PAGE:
The Clippers and Lakers might very well play in the Western Conference playoffs. But both Los Angeles teams are playing 2,500 miles away, in Orlando. The distance and separation won’t help promote a buzz in SoCal. All the participating playoff teams face the same challenge.

Think about local TV stations covering the arena on the night of playoff games interviewing fans, showing vendors hawking t-shirts outside the building and talking about the traffic build-up headed to the game. All this leads to a sense of community. Through no fault of the league, they’e all missing.

Here in Miami, I’m hearing as much about who’ll start at quarterback for the Dolphins as I am the Heat in the playoffs.

5- The telecasts

How does that line go? You can’t make a steak out of chopped liver. There’s just so much that can be done in a confined setting.

Eye-popping dunks or defying blocked shots generally trigger thunderous responses. It’s passionate rooting that galvanizes viewers. When the games began in the Bubble, the experience was lifeless. To those watching, it might feel like a a virtual hug or attending a class online. They ain’t the same.

The TV voices in the arena are separated by what looks like bulletproof Plexiglas. Everything seems so distant, removed and sterile. (The one thing I do like and hope the NBA keeps is having the referees address the announcers and fans at home, explaining details of replay reviews. The NBA is the last of the four major sports to do so. It took a pandemic for it to finally happen.)

6- Keeping track of the schedule

In addition to the fact that the NBA has never played in August or September, it’s impossible to keep track of the playoff schedule. It’s fluid, complicated by the delay due to the players’ self-imposed moratorium. Near midnight yesterday, the NBA announced when game #2 of the Miami-Milwaukee series will be played. It leaves little time for viewers and the masses to plan accordingly.

7- Covid-19

Those out of work are watching millionaire players get special treatment on regular testing for the virus. It’s a privilege that might be considered unacceptable by a segment of the population.

8- Playoff format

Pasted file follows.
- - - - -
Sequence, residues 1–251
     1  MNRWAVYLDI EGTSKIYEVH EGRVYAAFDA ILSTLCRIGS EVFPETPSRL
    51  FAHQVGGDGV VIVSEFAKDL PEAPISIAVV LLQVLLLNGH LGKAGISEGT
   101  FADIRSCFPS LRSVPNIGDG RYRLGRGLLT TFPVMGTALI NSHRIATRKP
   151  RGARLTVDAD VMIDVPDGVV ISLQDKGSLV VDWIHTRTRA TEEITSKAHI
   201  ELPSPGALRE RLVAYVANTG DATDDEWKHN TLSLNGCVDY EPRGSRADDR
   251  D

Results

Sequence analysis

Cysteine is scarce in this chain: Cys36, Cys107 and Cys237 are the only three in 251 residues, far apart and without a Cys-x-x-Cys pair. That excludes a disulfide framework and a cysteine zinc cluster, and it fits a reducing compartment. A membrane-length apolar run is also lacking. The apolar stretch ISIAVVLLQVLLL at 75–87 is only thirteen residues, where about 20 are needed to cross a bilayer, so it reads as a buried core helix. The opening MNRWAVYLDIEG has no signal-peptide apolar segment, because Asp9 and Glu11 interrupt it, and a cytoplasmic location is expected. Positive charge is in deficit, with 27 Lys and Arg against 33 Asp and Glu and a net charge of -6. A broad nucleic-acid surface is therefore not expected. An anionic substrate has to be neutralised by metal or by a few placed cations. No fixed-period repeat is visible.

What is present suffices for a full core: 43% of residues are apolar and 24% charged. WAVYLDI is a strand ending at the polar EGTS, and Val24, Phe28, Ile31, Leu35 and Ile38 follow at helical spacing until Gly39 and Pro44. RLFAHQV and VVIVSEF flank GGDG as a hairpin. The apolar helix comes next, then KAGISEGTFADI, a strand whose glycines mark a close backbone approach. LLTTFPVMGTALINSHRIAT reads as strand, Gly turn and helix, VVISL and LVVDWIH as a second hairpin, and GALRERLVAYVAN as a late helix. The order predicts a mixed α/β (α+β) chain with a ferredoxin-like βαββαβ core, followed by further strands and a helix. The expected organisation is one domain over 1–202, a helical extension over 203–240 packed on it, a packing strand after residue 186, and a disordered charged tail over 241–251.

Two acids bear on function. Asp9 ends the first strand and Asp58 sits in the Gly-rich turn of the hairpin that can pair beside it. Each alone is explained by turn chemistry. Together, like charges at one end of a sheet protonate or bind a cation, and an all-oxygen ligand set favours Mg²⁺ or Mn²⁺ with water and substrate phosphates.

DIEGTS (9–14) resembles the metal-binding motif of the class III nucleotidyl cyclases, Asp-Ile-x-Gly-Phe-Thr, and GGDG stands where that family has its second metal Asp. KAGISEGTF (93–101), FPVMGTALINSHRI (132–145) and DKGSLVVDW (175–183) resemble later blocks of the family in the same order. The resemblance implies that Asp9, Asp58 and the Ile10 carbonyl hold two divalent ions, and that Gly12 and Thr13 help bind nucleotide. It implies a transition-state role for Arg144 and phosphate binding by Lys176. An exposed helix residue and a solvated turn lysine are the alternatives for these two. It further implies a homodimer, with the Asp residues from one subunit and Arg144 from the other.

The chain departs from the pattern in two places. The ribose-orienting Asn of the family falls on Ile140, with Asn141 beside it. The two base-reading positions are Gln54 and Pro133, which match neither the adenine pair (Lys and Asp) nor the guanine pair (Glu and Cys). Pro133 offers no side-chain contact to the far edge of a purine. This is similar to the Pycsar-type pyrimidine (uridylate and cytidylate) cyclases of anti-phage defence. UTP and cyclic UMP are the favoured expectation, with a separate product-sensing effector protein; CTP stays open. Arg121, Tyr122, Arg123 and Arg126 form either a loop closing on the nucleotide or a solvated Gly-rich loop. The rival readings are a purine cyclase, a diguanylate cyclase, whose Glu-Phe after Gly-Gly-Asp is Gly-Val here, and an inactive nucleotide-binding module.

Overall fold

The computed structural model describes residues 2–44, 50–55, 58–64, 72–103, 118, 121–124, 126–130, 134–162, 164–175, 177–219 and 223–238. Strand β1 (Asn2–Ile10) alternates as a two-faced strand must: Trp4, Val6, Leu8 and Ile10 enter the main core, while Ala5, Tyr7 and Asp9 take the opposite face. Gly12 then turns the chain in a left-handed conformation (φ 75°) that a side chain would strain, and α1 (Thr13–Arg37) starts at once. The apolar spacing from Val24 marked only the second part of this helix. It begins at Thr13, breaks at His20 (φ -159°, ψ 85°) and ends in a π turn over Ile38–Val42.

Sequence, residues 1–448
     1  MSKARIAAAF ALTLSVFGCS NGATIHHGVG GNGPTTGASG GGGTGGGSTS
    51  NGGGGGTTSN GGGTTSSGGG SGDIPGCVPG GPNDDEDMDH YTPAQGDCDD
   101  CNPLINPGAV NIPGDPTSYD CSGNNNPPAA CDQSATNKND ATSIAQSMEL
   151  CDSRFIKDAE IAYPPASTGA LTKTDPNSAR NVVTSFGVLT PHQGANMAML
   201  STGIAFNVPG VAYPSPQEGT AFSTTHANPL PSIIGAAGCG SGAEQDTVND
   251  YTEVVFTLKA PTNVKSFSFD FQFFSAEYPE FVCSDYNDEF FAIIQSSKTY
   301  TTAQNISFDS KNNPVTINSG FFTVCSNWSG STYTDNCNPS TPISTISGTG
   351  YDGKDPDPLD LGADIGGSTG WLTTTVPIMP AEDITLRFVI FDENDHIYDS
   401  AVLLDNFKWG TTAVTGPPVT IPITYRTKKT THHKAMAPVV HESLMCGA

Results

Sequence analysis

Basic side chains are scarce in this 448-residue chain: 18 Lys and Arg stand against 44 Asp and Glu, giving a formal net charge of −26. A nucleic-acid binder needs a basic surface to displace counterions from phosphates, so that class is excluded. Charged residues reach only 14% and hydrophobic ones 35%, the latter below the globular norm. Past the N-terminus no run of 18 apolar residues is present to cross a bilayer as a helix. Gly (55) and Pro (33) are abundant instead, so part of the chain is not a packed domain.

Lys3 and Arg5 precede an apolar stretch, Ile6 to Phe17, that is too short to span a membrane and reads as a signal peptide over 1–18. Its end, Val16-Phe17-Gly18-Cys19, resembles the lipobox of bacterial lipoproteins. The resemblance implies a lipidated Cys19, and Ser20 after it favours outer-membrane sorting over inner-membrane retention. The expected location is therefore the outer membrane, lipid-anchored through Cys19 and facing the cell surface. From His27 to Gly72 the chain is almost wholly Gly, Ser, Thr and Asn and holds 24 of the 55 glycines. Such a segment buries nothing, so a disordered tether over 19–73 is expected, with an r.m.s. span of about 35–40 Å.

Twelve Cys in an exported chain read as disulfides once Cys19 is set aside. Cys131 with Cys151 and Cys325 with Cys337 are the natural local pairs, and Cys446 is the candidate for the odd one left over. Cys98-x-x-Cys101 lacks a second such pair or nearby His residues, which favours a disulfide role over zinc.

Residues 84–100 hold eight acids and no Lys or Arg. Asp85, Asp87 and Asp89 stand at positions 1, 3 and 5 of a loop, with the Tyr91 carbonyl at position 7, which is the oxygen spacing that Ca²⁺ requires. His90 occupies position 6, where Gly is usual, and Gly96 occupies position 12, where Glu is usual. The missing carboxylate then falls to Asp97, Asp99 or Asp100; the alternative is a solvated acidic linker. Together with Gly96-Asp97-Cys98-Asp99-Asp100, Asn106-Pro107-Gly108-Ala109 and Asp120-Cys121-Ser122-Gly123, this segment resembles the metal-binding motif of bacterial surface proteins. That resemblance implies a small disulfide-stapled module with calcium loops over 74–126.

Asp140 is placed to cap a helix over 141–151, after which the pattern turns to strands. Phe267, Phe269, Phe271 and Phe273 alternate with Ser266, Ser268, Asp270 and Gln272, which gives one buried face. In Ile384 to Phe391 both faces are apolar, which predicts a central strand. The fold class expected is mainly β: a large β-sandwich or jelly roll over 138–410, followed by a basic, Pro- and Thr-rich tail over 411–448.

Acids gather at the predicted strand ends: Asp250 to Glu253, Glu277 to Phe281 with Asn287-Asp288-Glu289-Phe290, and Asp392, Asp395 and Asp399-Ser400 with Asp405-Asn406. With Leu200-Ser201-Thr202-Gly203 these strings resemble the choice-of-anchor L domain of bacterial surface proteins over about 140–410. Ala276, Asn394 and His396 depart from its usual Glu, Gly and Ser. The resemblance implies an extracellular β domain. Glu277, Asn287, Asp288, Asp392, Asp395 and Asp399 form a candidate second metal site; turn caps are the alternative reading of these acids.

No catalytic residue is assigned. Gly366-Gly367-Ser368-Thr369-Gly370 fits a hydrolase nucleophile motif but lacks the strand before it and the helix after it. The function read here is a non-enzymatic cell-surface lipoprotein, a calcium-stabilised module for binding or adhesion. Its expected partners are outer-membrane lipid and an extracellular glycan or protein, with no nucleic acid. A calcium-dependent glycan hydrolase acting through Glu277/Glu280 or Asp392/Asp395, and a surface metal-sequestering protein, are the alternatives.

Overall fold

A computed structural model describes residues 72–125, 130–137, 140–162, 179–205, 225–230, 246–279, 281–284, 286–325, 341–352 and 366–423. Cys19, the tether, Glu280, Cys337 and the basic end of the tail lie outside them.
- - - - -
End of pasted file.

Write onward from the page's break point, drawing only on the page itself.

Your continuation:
The qualifying games were a radical change from the past. Not everyone got it. Take Phoenix. The Suns won every game in Orlando but didn’t make the playoffs because Portland beat Brooklyn. It was strange and fans seemed confused.

9- Separation of church and state is no longer an unwritten rule of television sports

How long ago was it that ESPN honcho Jimmy Pitaro almost fired Dan Le Batard for criticizing President Trump. Talk show hosts and others weren’t able to delve into politics. It was completely off limits. Do so and you’re out. Funny how that changed in a hurry.

Now the two subjects are comfortably intertwined on-air, but with limitations. Say all lives matter, not just black lives matter and you’re gone goodbye. Even if there were no ill intentions or no history of bias by the one who said it. From Pitaro’s standpoint, he had to respond to the reality of the pandemic and police brutality. The world has changed precipitously overnight.

But fans might just be tired. They want an escape from Fox, CNN and MSNBC. Are they getting it from watching the NBA? Not sure?

10- Coaches attire

Dress for the occasion. Your Sunday best is reserved for the playoffs.

Custom made suits and shirts are the accepted attire. Pat Riley and Chuck Daily were always primped and preened. It added to the elegance of the overall setting.

Dressing in jeans and golf shirts is more suited for a mid-season practice. It’s hardly the sartorial splendor reserved for a playoff run.

**

I asked one individual very close to David Stern how the late commissioner would have handled the league’s response to the pandemic and the racial protesting. He said, “I don’t know but I’m glad that he didn’t have to.”

 

 

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David J. Halberstam

David is a 40-year industry veteran who served as play-by-play announcer for St. John's University basketball in New York and as radio play-by-play voice of the Miami Heat in South Florida. He is the author of Sports on New York Radio: A Play-by-Play History.